Would Labour and Greens over-rule the court for Kim Dotcom?

February 11th, 2014 at 4:00 pm by David Farrar

Patrick Gower writes:

So now it is becoming clear why wants a change of Government so badly – and the could stop his extradition.

Yes, it is that simple: a Labour/Green Government could save Dotcom’s bacon.

Because under the Extradition Act, the Government of the day’s Justice Minister has the final say on whether someone stays or goes.

It doesn’t matter what the courts find, the Justice Minister can stop one “for any reason”.

The Extradition Act 1999 says the Justice Minister can say no “for any other reason the Minister considers that the person should not be surrendered”.

So Dotcom has a final get-out clause should he lose the extradition hearing.

I have consistently said that the decision on whether DotCom gets extradited should be made by the appropriate Judge, after hearing the evidence. The Minister should and must go along with the decision of the court. We head towards corruption if people can buy themselves a different decision.

Yesterday, we asked David Cunliffe and Russel Norman.

David Cunliffe:

3 News: In terms of Kim Dotcom – would you stop him being extradited?

Cunliffe: That’s in part a legal matter – and I would want to take some further briefing before I gave you a view on that.

3 News: You know it’s a Government that signs off an extradition – if it was a Labour Government – would Kim Dotcom have a chance that any court decision could be overturned?

Cunliffe: “I haven’t formed a view on that yet and I’d want to see more of the arguments. Prima Facie the current Government’s operation against Mr Dotcom appears to be outside the law in a number of respects my anticipation is that would make it quite difficult for an extradition to proceed but because that’s currently before the courts I don’t think that’s a matter politicians should be opining on”.

Russel Norman:

3 News: A Government of the day has to sign off on Kim Dotcom’s extradition – should the Government sign off on Dotcom’s extradition?

Norman: No. I’ve always said I don’t support the extradition process. I mean, I just don’t think it’s fair. I mean the fairness isn’t there – look at the way they have been acting illegally against him… They illegally raided his mansion, they illegally obtained evidence, they illegally gave the evidence to the U.S Government against the directions of a judge. That is not a lawful or fair process…The case that John Key has jacked up with the US Government I don’t think stands up.

3 News: So if the Greens were in power, would you fight to keep Kim Dotcom in New Zealand?

NormanYes. I think that we would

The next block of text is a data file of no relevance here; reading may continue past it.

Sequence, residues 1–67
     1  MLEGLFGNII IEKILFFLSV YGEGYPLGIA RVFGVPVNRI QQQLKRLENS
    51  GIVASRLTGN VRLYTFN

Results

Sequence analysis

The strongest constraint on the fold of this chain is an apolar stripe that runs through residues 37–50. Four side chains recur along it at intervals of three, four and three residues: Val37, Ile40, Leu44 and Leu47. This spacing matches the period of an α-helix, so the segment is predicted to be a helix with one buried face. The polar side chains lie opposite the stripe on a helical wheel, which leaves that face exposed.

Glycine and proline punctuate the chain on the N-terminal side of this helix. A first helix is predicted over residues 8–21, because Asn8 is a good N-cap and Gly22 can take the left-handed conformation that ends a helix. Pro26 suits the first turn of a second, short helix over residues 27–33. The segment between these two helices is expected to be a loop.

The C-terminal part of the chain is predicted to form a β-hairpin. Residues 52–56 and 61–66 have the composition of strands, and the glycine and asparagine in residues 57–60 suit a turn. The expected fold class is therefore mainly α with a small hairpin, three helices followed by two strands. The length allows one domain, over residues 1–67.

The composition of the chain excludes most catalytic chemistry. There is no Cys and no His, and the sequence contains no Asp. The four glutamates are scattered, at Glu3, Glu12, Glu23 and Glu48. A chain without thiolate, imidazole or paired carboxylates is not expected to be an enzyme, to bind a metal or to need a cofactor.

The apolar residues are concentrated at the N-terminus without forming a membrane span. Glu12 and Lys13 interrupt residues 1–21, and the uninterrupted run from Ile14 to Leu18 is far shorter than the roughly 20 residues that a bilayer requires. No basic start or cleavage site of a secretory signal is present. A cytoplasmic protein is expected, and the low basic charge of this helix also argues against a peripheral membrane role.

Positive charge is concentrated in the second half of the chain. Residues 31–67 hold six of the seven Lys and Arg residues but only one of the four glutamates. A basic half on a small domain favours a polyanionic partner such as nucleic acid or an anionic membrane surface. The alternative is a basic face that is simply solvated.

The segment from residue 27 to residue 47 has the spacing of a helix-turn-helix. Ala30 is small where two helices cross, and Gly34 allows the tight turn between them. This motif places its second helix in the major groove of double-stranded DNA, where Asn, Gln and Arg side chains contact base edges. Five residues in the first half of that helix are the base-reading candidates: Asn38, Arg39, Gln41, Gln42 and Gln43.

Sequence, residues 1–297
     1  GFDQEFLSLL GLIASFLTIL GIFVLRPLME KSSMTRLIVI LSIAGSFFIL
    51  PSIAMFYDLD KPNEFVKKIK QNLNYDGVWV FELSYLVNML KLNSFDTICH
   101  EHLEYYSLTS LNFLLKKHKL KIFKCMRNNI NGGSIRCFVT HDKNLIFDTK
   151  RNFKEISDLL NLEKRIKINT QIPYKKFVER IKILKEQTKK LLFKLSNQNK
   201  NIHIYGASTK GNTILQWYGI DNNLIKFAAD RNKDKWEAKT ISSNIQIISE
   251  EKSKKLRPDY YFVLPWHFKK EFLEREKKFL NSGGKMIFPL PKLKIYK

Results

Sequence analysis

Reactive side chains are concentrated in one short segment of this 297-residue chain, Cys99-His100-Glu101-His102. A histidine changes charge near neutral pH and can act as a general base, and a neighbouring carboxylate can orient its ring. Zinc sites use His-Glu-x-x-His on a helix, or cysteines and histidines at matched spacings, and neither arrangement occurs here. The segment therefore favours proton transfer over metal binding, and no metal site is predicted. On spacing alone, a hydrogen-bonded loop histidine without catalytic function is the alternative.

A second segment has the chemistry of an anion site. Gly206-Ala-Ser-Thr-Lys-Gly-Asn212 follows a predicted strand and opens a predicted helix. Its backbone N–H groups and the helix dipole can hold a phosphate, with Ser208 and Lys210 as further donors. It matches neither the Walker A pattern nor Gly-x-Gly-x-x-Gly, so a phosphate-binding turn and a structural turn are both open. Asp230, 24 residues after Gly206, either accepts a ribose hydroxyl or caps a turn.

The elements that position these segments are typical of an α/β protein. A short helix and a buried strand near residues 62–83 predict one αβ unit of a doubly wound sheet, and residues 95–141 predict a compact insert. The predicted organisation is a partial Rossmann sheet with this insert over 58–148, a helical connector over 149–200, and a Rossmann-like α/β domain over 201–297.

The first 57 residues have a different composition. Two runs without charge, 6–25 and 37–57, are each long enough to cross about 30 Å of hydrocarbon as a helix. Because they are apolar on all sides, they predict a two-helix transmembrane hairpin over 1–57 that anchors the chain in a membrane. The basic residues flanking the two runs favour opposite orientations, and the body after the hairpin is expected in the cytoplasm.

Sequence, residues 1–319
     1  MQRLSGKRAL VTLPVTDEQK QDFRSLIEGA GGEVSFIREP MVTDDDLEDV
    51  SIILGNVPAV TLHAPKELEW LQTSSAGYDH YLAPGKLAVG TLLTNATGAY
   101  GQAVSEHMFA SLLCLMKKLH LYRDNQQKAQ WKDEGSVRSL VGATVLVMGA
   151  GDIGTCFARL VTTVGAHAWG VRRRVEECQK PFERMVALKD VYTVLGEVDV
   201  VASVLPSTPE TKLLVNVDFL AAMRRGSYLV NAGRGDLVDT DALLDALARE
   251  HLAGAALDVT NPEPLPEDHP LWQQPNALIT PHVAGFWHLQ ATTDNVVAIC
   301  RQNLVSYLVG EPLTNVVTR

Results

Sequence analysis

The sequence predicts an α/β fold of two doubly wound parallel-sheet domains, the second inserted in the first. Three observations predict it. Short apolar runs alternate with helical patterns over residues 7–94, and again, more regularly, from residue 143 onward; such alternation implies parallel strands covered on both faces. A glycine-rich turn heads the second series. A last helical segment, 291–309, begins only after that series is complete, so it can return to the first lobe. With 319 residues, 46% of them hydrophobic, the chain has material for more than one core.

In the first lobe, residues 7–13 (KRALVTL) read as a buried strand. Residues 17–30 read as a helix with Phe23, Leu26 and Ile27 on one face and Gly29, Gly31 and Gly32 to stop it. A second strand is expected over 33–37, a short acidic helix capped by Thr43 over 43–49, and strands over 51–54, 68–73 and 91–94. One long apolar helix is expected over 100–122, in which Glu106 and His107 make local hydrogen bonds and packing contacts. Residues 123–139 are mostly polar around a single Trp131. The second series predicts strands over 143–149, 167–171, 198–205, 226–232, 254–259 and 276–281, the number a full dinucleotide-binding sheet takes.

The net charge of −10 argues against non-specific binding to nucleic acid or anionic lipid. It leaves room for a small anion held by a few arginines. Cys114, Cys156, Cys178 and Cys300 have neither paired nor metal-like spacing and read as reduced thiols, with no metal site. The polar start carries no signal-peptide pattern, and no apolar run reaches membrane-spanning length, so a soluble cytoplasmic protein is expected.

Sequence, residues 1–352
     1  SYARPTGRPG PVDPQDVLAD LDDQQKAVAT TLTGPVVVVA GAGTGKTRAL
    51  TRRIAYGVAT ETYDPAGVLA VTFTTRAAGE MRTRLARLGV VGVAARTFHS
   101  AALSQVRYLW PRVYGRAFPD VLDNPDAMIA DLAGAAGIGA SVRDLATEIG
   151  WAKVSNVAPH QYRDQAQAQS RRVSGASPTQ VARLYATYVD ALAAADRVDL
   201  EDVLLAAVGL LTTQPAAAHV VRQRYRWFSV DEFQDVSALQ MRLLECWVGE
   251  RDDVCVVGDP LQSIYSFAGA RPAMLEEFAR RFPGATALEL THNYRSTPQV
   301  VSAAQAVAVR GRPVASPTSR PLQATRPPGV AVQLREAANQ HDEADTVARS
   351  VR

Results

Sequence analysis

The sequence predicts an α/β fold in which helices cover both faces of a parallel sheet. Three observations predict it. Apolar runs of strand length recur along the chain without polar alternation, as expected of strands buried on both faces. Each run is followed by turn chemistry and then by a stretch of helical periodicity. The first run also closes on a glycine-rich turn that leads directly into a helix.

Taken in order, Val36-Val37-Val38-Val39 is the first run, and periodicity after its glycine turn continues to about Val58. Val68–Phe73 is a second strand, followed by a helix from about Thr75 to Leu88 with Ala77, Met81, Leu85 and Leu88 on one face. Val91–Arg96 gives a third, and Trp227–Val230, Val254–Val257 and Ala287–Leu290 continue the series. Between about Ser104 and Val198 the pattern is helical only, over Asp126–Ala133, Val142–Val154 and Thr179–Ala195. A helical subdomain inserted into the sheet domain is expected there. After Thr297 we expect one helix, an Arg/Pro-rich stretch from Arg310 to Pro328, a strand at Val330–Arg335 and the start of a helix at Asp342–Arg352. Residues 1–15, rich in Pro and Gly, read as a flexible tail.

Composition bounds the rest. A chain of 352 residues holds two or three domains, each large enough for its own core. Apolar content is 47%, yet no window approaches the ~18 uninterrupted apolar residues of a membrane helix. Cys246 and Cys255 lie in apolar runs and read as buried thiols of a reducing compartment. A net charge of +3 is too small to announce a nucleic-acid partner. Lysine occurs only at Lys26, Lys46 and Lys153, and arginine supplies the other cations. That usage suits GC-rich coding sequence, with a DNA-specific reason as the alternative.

This is appalling. The only acceptable answer is that the decison is one for the courts to make, and we will not over-turn whatever decision they make.

Russel Norman has been out twice to meet Dotcom, and ask him to support the Greens instead of setting up his own political party. And in return he is offering that a Labour/Greens Government would basically corruptly over-turn the decision of the court in Dotcom’s favour. Cunliffe is not ruling out that he would also over-turn any court decision. We also learn Winston Peters has been out to meet DotCom multiple times.

I have no animosity towards Dotcom. He has been charged with serious criminal charges in the United States. The decision on whether the charges warrant extradition should be made by the relevant NZ Judge after a hearing, and if he is extradited the decision on his guilt or innocence is up to a US court. It shouldn’t be up to politicians, who are saying they will over-turn the courts in his favour at the same time as they meet him to discuss political strategy. That is pretty close to corruption.

Which brings me to the folly of Dotcom’s Internet Party – having a political movement behind him will obviously be another argument against extradition.

While it polled 0% in the first 3 News-Reid Research poll since it was named, when asked specifically, 1 in 5 voters said they would “consider” voting for it.

Most of its potential voters come from “undecideds” or Labour/Greens/NZ First – technically the Opposition.

But with Dotcom incredibly unlikely to make 5% or win an electorate seat, then this will be what’s called “wasted vote”, rather than change the Government.

And that favours one person – John Key.

It seems a bit of a selfish political own goal by Dotcom to me, and is why Russel Norman has been scurrying up to the mansion begging Dotcom not to stand.

But what a delicious irony: Kim Dotcom might actually help John Key win the 2014 election.

That would be irony.

Also Kim Dotcom has tweeted that if his party is not polling 5% by the time ballot papers are printed, he’ll scrap the party and endorse another party. Wonder which party? Maybe the very same party that is promising not to extradite him! So much for one law for all.

Tags: , ,